Pepper Rodgers in 1952.
The last time a Georgia Tech squad faced off with the Air Force Academy, Tech was headcoached by Pepper Rodgers. Rodgers was a backup quarterback under Coach Bobby Dodd from 1951-1953. His playing career saw Tech lose only 2 games over a three year span. Tech also picked up our second National Title in 1952. When I spoke with Coach Rodgers on Monday night, I asked him about his playing career and how Tech's legendary Coach Bobby Dodd influenced his coaching style. He responded, "I actually spent more time with my position coach, Frank Broyles." Broyles was a former Tech quarterback himself and would later become the head coach and athletic director of the University of Arkansas.
Coach Rogers was a member of the Air Force ROTC at Georgia Tech and had to fulfill his 3 year service requirement after graduation in 1955. He attended flying school and served as a pilot from 1956-1960. While serving in the Air Force, Rodgers was assigned to the Air Force Academy and earned his first assistant coaching position under head coach Ben Martin. Rodgers cited several head coaches but made sure to list Martin first during our conversation. He said, "Ben Martin at Air Force, Ray Graves at the University of Florida, and Tommy Prothro at UCLA were great influences on me."
After Air Force, Coach Rodgers headed back East as an assistant at the University of Florida. He then traveled back West to UCLA. I asked Coach Rodgers about the difference between East and West Coast football and he said, "There's no big difference between East and West Coast. Guys are guys. They just wanna play. If you've got good players, you can win. I've proven that with good players you can win and with bad players you can lose."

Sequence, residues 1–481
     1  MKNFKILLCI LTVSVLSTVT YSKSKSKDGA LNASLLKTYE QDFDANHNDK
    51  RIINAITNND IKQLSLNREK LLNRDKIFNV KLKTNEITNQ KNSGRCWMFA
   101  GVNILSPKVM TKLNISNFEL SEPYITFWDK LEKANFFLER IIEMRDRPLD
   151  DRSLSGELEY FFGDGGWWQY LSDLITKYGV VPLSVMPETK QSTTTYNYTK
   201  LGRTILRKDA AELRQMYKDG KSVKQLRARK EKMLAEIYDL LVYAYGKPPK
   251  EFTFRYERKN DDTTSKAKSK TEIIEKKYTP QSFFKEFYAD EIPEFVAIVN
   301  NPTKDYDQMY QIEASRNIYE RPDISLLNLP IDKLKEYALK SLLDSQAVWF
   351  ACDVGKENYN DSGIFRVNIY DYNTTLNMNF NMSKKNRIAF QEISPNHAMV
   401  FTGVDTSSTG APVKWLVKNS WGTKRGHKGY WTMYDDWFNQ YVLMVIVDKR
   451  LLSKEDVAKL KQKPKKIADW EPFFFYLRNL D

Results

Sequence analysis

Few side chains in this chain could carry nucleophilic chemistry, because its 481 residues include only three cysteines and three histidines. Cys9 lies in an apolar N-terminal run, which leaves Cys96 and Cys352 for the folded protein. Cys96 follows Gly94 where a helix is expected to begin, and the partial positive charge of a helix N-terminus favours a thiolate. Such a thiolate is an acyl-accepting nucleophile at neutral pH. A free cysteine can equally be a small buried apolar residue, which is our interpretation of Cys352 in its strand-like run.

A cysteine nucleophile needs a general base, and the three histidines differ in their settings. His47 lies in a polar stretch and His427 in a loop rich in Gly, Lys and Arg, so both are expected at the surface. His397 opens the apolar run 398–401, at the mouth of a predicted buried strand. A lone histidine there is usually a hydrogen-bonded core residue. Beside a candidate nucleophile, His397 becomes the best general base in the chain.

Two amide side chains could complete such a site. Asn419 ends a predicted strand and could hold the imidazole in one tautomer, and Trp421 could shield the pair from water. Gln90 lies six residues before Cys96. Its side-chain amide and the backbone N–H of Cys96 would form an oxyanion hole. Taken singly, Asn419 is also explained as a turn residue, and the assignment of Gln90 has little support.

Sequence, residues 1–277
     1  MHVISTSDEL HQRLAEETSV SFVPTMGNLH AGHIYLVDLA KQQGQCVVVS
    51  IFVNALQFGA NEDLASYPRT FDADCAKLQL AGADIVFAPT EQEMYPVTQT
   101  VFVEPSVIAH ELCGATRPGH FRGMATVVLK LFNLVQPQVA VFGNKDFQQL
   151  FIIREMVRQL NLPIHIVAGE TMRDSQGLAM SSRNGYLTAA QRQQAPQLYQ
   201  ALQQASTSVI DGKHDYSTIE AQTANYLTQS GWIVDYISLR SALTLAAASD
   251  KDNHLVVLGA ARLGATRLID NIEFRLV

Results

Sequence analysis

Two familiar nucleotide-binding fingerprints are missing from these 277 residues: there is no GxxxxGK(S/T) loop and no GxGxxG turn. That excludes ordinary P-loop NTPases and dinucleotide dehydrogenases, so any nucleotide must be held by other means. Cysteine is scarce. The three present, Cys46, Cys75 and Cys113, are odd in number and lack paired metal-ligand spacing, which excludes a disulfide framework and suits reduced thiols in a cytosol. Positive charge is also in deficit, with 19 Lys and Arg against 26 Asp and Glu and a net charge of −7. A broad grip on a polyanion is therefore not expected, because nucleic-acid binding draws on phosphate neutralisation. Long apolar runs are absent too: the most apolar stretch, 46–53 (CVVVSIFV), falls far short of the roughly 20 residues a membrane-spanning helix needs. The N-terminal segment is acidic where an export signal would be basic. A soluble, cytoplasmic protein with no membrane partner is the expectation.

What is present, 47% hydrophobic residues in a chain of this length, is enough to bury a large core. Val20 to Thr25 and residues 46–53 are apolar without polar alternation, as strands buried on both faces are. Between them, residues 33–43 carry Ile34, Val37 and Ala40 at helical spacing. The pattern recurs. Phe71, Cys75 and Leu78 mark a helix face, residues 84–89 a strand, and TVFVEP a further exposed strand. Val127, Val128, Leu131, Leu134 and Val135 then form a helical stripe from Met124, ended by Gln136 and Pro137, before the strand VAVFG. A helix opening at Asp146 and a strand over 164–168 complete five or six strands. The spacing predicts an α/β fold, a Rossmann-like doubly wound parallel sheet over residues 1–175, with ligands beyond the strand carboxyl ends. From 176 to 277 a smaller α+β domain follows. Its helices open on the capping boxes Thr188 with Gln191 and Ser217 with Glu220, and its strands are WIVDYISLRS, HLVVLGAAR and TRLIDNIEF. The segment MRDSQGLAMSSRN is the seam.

Coach Rodgers' received his first head coaching position in December of 1966. Coach Rodgers' 1968 Orange Bowl team was Kansas' first 9-win team in 60 years. I had always heard during Coach's Kansas tenure that a mythical rivalry was born between Coach and the Missouri head coach Dan Devine. Coach Rodgers refuted the stories partially, stating, "I think Dan thought we were arch enemies. He was a great coach at Missouri and Notre Dame but not necessarily a great pro coach. I didn't think we were 'enemies', however. I think the rivalry was related more to Quantrill's Raiders." Coach Rodgers then told me about the rogue Missourans who burned Lawrence, Kansas in 1863 telling me this was the root of the Kansas-Missouri rivalry.
Coach Rodgers really buried the Devine hatchet when he told me about the famous 'middle finger' incident. He said, "I made up the story about shooting the peace sign to Devine...I used to say he only returned back half of the peace sign. I just made this story up for a group of boosters at luncheon." I was sad to hear this was merely a myth but it's still a funny one.
We then proceeded to dive into Coach Rodgers' time at Georgia Tech particularly Tech's independent status. Coach Rodgers was adamant about how big a mistake it was to leave the SEC in 1962. He told me, "Tech never should have been independent. You'd play a tough schedule, which was second to none and there was no incentive after you lost a game. You lose a couple games and your season is over. Tech would play the tough independents Pitt, Notre Dame, academies and still play the best Southern teams in Auburn, Clemson, and Georgia." Coach told me the move to the ACC was great for Georgia Tech because it got us locked into a schedule with like-minded academic institutions. We also had something to play for in the postseason, if we lost a game or two.